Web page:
EU cool to May's citizen rights offer

British Prime Minister Theresa May talking to her Spanish counterpart Mariano Rajoy during a European Council meeting in Brussels yesterday, the second day of a summit of European Union leaders.
British Prime Minister Theresa May talking to her Spanish counterpart Mariano Rajoy during a European Council meeting in Brussels yesterday, the second day of a summit of European Union leaders.PHOTO: AGENCE FRANCE-PRESSE

Its leaders choose to wait for details of plan to let EU citizens in Britain stay on after Brexit

BRUSSELS • Prime Minister Theresa May's proposal to safeguard residency rights of European Union citizens currently living in Britain met with a tepid reception both in Europe and at home, with her EU counterparts and London Mayor Sadiq Khan stressing that many issues remain unresolved.

Mrs May told EU leaders over dinner at a summit in Brussels on Thursday that almost all three million EU citizens in Britain will be able to continue living there after Brexit, saying she wanted to offer them as much certainty as possible about their future.

Citizens' rights are one of the main issues that the EU and Britain need to resolve before trade talks can be broached leading up to Britain's March 2019 exit from the bloc. Even though the Prime Minister emphasised she did not want to break up families or deport anyone now living in Britain, EU leaders withheld judgment on the proposal, choosing to wait for the release of the full plan next Monday.

"We've made what I believe is a very serious, a very fair offer which will give reassurance and confidence to EU citizens living in the United Kingdom about their future," Mrs May told reporters in Brussels yesterday. "Of course, there will be details of this arrangement which will be part of the negotiation process."

While the proposal will go a long way towards meeting what EU leaders wanted for their citizens, they are likely to object to Mrs May's insistence that questions over their rights should be adjudicated in British courts.

Britain is also leaving open the question of the "cut-off date" from which the rights will no longer apply, saying only that it will be some time between March 29 this year, when it began the departure process, and the date it leaves.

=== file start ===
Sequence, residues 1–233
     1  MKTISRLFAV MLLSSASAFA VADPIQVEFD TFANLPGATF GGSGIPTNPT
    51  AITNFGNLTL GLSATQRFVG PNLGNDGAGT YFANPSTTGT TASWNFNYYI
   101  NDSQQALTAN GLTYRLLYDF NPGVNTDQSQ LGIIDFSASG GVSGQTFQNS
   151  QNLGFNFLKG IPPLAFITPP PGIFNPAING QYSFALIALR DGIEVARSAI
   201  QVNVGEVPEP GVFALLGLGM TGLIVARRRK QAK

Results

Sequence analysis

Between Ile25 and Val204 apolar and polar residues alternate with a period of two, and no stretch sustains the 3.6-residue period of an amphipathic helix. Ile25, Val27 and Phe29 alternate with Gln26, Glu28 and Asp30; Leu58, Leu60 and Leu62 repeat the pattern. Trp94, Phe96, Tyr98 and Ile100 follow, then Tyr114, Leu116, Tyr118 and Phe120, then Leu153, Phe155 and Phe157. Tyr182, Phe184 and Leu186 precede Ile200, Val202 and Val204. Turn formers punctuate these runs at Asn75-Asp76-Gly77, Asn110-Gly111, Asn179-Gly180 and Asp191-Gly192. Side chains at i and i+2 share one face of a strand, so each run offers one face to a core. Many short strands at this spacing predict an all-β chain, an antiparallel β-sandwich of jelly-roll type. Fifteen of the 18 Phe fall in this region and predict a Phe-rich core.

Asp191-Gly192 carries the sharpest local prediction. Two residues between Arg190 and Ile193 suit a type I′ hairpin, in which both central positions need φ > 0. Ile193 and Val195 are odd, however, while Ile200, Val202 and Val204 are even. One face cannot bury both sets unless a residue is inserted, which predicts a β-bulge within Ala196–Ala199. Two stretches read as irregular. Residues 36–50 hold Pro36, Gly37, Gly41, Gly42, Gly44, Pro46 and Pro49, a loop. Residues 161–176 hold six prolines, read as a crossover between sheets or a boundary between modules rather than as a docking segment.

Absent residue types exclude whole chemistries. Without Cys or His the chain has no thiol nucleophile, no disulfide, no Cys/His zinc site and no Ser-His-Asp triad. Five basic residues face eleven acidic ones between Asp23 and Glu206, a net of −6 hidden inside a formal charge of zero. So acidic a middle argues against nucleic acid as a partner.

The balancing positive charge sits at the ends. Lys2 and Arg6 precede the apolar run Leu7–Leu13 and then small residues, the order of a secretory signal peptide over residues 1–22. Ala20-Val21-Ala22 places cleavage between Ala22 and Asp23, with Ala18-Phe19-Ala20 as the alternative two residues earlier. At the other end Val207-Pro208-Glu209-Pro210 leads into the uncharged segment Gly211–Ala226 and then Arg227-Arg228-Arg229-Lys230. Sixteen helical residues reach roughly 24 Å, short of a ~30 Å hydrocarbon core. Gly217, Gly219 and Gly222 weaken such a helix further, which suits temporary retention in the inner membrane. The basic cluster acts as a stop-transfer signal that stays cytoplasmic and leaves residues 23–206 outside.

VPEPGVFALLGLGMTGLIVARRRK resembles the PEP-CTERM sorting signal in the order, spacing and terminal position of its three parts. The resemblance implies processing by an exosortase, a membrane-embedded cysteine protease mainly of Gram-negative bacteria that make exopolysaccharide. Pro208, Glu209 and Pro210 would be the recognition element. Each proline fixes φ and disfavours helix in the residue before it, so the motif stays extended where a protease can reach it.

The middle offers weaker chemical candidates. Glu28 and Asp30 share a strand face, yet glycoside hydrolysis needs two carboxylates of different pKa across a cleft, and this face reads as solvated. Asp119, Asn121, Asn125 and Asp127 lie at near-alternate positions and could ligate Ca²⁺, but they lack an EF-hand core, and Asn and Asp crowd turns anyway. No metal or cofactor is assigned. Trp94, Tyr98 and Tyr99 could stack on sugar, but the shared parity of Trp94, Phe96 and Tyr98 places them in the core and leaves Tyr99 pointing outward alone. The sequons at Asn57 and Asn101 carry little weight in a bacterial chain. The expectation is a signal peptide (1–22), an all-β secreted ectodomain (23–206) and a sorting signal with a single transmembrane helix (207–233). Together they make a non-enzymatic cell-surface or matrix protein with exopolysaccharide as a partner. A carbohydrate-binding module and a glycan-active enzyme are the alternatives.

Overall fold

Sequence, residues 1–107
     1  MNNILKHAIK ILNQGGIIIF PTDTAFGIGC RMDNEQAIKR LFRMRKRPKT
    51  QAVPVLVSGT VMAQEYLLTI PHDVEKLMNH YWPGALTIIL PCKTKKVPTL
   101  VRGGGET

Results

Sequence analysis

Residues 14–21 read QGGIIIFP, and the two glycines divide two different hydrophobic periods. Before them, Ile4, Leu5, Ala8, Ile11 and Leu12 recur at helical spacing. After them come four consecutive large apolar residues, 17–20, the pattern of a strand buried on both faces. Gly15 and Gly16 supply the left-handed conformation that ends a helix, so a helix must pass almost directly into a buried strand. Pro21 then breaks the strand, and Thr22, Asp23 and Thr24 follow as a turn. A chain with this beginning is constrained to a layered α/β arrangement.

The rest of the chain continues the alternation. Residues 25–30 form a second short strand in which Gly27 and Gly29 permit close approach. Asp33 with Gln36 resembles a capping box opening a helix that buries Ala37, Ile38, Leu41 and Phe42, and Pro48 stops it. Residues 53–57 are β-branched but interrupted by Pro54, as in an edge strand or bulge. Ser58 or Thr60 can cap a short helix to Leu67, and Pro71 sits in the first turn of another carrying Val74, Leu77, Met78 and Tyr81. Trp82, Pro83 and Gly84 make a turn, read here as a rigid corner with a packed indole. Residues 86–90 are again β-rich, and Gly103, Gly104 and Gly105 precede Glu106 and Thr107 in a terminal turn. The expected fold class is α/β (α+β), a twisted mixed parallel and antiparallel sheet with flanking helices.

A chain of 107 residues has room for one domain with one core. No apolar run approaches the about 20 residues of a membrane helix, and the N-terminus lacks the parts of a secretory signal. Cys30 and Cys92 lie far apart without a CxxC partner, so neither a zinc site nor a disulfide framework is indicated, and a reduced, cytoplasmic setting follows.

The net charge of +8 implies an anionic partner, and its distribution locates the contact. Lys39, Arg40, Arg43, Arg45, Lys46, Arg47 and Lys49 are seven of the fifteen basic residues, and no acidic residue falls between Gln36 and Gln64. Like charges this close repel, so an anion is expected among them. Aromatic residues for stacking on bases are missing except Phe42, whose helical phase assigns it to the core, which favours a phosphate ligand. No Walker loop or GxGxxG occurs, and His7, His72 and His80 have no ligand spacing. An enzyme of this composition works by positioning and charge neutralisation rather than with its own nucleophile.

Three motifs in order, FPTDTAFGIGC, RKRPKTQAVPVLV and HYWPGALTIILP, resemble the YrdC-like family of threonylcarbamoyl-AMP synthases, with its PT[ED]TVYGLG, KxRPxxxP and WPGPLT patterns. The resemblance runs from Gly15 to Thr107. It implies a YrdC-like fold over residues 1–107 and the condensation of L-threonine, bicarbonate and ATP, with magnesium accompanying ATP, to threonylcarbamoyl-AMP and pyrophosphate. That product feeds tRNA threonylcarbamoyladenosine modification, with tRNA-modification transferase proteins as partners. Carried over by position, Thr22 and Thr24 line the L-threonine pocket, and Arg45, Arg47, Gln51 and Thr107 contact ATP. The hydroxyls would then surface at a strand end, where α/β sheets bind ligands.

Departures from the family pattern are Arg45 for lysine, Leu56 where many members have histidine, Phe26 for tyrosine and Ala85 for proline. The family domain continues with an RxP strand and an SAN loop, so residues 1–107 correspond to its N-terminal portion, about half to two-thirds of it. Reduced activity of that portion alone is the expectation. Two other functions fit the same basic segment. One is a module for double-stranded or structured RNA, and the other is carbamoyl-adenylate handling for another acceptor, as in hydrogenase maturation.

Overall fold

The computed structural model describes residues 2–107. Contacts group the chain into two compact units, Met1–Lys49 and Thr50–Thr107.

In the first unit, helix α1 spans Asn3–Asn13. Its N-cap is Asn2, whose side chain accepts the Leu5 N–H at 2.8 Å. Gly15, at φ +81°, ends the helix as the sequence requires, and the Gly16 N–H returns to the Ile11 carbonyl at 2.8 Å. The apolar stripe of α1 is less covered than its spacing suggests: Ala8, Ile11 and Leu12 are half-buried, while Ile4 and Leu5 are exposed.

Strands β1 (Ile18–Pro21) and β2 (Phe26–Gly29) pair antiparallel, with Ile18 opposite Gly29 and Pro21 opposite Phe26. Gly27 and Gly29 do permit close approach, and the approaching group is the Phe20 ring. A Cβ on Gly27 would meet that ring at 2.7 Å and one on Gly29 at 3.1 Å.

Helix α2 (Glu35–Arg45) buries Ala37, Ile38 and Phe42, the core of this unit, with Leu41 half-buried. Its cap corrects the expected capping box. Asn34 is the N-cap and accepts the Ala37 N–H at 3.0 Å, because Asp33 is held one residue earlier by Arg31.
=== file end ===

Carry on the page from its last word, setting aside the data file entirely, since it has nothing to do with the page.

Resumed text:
"It's a first step, but this step is not sufficient," European Commission president Jean-Claude Juncker told reporters.

European Council president Donald Tusk said Mrs May's offer on expatriates' rights after Brexit was "below expectations". But he added that it would be be "for our negotiation team to analyse the offer line by line once we receive it on paper".

Mr Khan, the London mayor, also called Mrs May's plans insufficient. "Her proposal doesn't go anywhere near giving the three million EU citizens living in Britain - one million of whom are Londoners - the certainty they need to make long-term plans for themselves or their families," Mr Khan said on Facebook yesterday.

German Chancellor Angela Merkel called Mrs May's offer a "good start".

For Poland, whose 800,000 citizens are the biggest cohort of the Europeans in Britain, Deputy Foreign Minister Konrad Szymanski said: "We appreciate the effort but the offer does not meet all the criteria the EU agreed on as red lines".

Belgian Prime Minister Charles Michel found it "particularly vague" and described it using a Flemish expression for a dubious gift: "We don't want a cat in the bag."

The details of the proposal will be published by the government on Monday afternoon, when Mrs May plans to make a statement to Parliament.

BLOOMBERG, REUTERS

A version of this article appeared in the print edition of The Straits Times on June 24, 2017, with the headline 'EU cool to May's citizen rights offer'. Print Edition | Subscribe